9.05.2016

fist of lightning

Lying on an Asian beach, a battery of black clouds crouching overhead, I glimpse a fist of lightning punching the horizon. It’s coming, the deluge, wind and sea spray brushing my cheeks. We know we can’t escape, he and I, the older brother of the youth I love. In his embrace, his moonface aglow, he leans in and kisses me. And I let him. And it feels right, feels good to be loved, yet it leaves me yearning for the younger in the pair of these doting ebony-haired boys, the one who stayed at home.

When the torrent comes, my companion and I duck into a nearby row of covered shops, their plywood walls tacked with trinkets, keepsakes, tinctures. In an instant, rain thunders down on corrugated metal roofs strung with plastic lights and paper lanterns sent dancing in the gale. My head throbs, so I scan the shops looking for something to dull the pain which skulks behind the sockets of my eyes. As the storm takes hold, midnight beachcombers scramble to find refuge, elbowing their way between us, wet trenches rubbing our faces, dank bodies breaking our fragile chain. And then I lose him, his hand snatched from mine in the crowd, his jet hair melting into a rolling black sea of crowns.

In the midst of my dream I'm slapped awake by Calvin’s jarring seizure scream, which sounds as if the fit is strangling the life out of him. I bolt to his room, peel back his bed’s safety netting, unlatch and drop its heavy panel. It’s only day two since the last big fist of lightning struck his brain—a smattering of smaller ones in-between—so I crack open a vial of rectal Valium and inject the mind-numbing gel to calm the storm, to break the chain.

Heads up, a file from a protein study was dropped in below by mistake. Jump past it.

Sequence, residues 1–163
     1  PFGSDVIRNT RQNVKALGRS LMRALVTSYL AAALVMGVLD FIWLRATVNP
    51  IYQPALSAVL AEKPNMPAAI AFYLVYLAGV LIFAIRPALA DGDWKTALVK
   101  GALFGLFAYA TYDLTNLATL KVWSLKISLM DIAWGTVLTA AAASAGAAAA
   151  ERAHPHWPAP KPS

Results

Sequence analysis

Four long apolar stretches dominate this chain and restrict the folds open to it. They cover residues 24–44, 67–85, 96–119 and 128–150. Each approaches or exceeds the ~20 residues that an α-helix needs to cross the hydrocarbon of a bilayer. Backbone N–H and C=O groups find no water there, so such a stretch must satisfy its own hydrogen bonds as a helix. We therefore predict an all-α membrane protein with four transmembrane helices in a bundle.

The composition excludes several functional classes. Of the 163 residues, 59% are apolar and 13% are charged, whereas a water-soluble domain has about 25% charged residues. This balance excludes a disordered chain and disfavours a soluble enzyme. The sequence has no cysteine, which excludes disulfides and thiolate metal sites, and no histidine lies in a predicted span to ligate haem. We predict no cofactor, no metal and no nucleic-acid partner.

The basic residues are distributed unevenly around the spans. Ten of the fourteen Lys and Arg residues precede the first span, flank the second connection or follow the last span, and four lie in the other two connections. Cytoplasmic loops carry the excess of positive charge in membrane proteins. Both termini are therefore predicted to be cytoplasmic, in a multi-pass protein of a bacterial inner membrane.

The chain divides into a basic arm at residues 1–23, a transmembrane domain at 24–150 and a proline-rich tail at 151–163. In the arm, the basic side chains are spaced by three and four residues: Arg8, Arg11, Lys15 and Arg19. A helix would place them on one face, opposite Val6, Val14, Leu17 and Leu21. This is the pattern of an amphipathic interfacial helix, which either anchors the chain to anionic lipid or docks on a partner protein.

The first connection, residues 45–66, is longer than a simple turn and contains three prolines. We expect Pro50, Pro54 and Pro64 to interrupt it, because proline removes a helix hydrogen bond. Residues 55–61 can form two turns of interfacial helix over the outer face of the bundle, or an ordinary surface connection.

As the spasms wane, I kiss my boy's neck and face. The dull ache in my head, like the thunderbolt is real, not dream. I throw back a couple of aspirin and climb in with my son. I rest my hand on his chest to feel its shallow rise and fall and, sometimes, feel its pause. When the clock strikes five, still dark outside, I think about the row of curio shops lit up in the night, and I wonder about the handsome Asian boys I dreamt about, and I wish I could unearth some magical potion that could help me harness the fists of lightning that plague our nights and raid my dreams.

Photographer unknown

1 comment:

  1. Haunting prose. May you and Calvin find rest and respite.

    ReplyDelete